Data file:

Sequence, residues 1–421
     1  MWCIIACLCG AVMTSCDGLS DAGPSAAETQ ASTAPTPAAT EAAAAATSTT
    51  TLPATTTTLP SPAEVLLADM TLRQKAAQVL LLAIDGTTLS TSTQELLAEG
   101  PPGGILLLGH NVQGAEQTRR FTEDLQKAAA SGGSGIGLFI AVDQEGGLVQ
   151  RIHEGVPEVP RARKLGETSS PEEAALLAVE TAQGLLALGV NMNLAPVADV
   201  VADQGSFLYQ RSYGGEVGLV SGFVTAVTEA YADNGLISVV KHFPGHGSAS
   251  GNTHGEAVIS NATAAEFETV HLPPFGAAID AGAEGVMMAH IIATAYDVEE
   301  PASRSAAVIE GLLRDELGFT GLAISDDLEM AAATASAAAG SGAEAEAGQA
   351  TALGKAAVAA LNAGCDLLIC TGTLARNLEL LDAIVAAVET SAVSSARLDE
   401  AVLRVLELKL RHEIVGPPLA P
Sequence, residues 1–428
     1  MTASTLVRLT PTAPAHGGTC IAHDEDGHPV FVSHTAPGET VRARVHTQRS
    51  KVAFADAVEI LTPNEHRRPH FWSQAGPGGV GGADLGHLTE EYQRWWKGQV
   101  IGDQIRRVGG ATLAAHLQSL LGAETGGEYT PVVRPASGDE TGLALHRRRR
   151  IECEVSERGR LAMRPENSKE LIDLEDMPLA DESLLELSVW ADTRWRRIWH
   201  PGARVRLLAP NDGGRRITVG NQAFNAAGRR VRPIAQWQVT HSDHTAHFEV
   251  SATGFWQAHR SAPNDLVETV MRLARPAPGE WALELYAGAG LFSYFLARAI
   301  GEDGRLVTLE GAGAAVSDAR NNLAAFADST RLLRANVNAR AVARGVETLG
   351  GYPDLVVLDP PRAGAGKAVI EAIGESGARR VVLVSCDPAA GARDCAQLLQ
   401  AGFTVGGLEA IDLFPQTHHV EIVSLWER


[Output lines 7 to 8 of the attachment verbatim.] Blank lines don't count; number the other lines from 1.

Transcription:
   251  GNTHGEAVIS NATAAEFETV HLPPFGAAID AGAEGVMMAH IIATAYDVEE
   301  PASRSAAVIE GLLRDELGFT GLAISDDLEM AAATASAAAG SGAEAEAGQA